<BLOCKQUOTE><font size="1" face="Verdana, Arial">quote:</font><HR><font face="Verdana, Arial" size="2">Originally posted by Bradeos Graphon:
<B>There is still a guard on Chinese swords, but as Jerry says, not an extensive one. One should learn to be good with it if one wants to keep all one's fingers! ;-) The ability to change hands is very important, especially in narrow spaces and against multiple opponents.

Also, in the Chinese martial arts there are actually two forms in one when you do a single sword form. You have the techniques and footwork necessary to defend and attack with your sword, but also a "form within a form" for the empty hand (punches, palm, wrist, peng, lu, ji, an, etc.) and leg (kicks, trips, sweeps, etc.).

Some southern Chinese styles make use of shields in the other hand, and some southern sabre styles have full hand guards like cutlasses as a result. As well, Wing Chun is known for its double "eight chop" or butterfly dao, which many have the full hand guard and the top "S" curve for trapping an enemy blade like the Yang style dao does. That trapping implement was a feature of east Asian police weapons for centuries. They might not have had swords themselves, but they had implements for disarming swordsmen, a famous example is the "steel whip" of Single Whip form fame, a big bar of steel with a sword-like handle at one end for breaking sword blades (and bones). Another is the three section staff that Gordon Liu made famous in his movies.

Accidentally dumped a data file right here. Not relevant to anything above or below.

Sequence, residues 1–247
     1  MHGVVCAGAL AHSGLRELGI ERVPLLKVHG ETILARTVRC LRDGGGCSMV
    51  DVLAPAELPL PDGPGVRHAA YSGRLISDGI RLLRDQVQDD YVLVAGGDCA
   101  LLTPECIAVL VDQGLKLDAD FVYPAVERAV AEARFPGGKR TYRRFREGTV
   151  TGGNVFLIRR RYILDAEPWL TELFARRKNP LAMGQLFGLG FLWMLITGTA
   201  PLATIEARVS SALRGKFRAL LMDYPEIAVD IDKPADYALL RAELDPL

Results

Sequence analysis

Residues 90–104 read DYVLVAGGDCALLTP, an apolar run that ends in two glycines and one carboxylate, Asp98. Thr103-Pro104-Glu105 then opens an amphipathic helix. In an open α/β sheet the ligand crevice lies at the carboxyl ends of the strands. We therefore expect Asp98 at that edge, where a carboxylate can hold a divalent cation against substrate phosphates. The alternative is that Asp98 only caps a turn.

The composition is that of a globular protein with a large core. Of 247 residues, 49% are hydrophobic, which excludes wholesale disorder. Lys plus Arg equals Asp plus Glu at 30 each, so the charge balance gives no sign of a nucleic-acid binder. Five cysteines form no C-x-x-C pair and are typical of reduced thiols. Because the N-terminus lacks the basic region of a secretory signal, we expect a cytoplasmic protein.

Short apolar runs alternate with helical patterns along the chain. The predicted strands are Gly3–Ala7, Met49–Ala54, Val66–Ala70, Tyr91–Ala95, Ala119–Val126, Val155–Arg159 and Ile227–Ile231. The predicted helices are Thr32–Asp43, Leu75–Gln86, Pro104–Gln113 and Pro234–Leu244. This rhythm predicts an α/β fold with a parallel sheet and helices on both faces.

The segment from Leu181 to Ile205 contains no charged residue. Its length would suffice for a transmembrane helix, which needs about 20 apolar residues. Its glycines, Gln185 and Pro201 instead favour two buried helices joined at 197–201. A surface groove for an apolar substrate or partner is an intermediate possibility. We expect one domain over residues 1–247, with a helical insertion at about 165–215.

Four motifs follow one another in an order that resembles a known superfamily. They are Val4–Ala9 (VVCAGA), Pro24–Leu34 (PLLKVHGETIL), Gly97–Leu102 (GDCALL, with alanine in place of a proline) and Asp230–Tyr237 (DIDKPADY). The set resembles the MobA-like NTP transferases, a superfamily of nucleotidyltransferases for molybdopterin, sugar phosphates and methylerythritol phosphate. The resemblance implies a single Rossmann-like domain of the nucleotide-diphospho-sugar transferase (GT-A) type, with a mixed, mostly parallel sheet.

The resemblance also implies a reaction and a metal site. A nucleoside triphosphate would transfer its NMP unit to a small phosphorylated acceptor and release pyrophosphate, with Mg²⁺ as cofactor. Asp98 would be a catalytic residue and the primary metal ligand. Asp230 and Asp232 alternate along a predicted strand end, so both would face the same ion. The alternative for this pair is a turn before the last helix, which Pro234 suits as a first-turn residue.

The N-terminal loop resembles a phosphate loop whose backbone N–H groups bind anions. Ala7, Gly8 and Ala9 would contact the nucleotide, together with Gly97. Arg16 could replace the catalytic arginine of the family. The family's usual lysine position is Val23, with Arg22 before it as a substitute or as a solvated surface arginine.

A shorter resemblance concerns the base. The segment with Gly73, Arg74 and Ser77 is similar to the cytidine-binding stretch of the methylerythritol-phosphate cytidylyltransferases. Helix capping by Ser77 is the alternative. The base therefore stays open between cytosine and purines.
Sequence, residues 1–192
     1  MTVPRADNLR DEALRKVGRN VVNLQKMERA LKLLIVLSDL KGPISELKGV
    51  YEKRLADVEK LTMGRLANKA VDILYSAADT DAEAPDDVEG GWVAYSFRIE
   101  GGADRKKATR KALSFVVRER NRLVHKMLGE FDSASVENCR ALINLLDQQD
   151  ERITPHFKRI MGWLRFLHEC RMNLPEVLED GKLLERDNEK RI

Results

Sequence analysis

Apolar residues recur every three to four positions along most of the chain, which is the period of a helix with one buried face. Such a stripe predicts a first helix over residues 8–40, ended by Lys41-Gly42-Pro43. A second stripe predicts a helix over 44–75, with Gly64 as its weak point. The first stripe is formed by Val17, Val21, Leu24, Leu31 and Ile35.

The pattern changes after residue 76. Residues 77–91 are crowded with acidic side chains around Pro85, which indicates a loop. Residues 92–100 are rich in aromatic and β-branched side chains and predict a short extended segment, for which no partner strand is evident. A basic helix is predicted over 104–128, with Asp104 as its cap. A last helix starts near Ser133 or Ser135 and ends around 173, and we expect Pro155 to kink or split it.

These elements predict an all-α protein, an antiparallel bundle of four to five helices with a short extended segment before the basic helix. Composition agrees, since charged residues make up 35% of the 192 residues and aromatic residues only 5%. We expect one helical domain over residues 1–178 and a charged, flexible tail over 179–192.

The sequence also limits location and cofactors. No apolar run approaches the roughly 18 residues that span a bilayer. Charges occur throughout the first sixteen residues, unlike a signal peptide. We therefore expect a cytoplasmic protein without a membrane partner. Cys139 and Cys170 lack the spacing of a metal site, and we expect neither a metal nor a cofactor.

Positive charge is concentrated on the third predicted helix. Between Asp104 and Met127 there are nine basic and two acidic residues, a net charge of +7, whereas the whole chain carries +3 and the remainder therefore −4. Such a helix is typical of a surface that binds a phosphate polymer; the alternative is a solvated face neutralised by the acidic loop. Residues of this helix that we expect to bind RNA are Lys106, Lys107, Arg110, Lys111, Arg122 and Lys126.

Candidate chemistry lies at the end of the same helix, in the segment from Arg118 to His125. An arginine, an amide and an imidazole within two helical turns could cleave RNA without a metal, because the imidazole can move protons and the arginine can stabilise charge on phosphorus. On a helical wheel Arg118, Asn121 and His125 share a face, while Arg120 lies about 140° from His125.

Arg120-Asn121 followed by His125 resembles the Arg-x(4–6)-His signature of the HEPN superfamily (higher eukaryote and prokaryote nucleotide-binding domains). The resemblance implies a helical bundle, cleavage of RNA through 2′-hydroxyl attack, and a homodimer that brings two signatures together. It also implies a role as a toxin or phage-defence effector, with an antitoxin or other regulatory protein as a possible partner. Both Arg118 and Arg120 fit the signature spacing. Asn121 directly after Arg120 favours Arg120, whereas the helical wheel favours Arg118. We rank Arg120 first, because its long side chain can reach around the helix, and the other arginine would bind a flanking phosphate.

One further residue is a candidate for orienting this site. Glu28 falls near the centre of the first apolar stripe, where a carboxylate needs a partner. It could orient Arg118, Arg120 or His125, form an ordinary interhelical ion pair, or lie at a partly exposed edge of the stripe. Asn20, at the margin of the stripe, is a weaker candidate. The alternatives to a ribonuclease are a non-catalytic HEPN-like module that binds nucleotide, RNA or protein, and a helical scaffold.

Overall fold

Cheerful subject, eh?</B></font><HR></BLOCKQUOTE>

PostPosted: Tue Sep 04, 2007 1:01 pm
by Bradeos Graphon
Greetings everyone.

Audi,

When I asked that question, I was told "It feels like you get hit with one". It applies to the use of the forearm in the version I was shown, redirections of incoming force (esp. with the hooked hand) and powerful strikes delivered with either hand, hooked or open.

Simon,

It is difficult to describe these applications completely in 2 dimensions. There is definitely a hilt lock application to Clearing Grass to Find Snake. I first learned the "press" intercept downwards with the blade, because if it done well, your sword is free to intitate the triangular strike sequences of knee, groin; knee, groin, knee. If you use Clearing Grass to Find Snake as a spear technique; ankle knee; ankle, groin; ankle, knee, ankle and so on.

Cheers!

Re:

PostPosted: Tue Mar 01, 2011 9:18 pm
by rudybro
JerryKarin wrote:I think the distinctive S-shaped guard on the dao1 used by the Yang family can be used to hook and trap the opponent's weapon and disarm him.

Image


Yeah I think so... that's a good sword.